In the outpouring of shock over the sudden death of Paul Walker last weekend, everyone who had personal encounters with the actor seemed to agree that the only movie star-like thing about him was his striking good looks.
I met the actor at a promotional event for “Varsity Blues” in 1999 and was impressed by his guy-next-store niceness and the even-handed way he connected with everyone around him — whether they were fellow actors, movie studio PR people, the press, or the hotel servers who were working the junket.
Walker seemed unaware of his own attractiveness and he behaved as if his growing fame was the result of luck rather than talent.
The actor was seriously dressed down for his press interviews — he looked like he might have just rolled out of bed — but his charisma could not be hidden and his straightforward manner set him apart from some of the other performers I met that day (Jon Voight was so emotionally wound up about something that he was unsettling to be around, to say the least).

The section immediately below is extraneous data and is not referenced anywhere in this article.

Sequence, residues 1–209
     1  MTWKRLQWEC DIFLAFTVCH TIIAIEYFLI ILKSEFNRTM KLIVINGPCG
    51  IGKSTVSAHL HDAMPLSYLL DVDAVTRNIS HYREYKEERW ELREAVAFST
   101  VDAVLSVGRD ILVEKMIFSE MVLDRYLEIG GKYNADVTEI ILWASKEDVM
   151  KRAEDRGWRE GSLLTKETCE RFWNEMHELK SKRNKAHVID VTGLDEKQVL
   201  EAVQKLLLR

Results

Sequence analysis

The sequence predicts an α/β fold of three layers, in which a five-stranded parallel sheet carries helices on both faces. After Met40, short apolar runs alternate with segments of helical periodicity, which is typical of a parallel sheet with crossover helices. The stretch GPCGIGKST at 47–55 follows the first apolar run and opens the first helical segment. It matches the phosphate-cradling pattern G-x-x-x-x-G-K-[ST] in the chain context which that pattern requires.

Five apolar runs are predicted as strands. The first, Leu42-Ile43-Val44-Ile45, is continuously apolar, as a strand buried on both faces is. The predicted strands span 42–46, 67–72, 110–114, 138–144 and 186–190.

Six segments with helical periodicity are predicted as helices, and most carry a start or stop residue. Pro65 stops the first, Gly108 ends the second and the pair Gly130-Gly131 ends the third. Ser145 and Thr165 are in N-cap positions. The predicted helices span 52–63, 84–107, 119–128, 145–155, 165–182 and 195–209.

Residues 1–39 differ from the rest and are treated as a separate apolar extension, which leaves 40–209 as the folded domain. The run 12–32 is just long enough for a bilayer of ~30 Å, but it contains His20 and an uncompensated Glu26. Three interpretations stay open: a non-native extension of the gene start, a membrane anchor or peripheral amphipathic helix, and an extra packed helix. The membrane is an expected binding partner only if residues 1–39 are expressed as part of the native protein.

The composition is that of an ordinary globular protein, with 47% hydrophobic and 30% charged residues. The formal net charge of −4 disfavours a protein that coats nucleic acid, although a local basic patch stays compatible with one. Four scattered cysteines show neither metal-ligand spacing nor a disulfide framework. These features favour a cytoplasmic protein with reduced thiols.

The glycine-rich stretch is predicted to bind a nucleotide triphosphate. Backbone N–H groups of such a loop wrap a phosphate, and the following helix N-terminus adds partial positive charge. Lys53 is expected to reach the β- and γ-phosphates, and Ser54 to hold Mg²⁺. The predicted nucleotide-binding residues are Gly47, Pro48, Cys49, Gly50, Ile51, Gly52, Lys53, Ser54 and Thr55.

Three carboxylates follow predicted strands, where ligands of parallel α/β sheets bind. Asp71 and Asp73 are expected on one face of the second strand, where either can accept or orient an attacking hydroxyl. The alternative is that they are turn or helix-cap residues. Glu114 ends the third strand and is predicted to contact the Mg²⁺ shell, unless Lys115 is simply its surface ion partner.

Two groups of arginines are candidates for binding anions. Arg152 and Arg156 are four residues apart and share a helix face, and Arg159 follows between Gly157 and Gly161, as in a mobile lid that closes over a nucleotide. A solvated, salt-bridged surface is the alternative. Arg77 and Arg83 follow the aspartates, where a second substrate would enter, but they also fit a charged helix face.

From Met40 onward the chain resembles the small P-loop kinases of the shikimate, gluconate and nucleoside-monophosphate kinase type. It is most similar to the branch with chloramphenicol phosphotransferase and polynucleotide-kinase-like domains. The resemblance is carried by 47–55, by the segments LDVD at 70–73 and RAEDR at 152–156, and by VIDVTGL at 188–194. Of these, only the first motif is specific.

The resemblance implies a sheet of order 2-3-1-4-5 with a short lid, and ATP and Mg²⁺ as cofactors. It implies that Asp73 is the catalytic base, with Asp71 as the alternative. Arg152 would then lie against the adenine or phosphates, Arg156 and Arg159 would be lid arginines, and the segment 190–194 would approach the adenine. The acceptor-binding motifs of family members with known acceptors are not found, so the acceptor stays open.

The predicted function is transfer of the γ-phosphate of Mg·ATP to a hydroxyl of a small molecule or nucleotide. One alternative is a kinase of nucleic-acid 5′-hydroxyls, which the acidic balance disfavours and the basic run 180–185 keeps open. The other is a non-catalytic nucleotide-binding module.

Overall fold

Walker clearly enjoyed the way that movie money was enabling him to pursue his love of the outdoors, traveling the country, and meeting new people.
In an earlier era, with a studio to groom and guide him, Walker could have become an A-list star, but he often appeared to amble from film to film with minimal interest in the roles he was playing. The actor’s looks gave him the sex appeal of a major league movie star in the Paul Newman tradition, but many of his performances were under-powered emotionally.
Landing the lead in the 2001 hit “The Fast and the Furious” was both a blessing and a curse for Walker, granting him a lucrative franchise that lasted 12 years — he was working on the seventh movie in the series at the time of his death — but making his work as an actor secondary to the spectacular stunts.
I think Walker was at his best in the underrated 2001 thriller “Joy Ride” (above), where he appeared to be energized by having to play off that live-wire character actor Steve Zahn in the role of Walker’s black sheep brother.
I doubt that Walker’s appealing underacting was enough to build a cult on, but he had the sort of undeniable star quality that added lustre to any movie in which he appeared.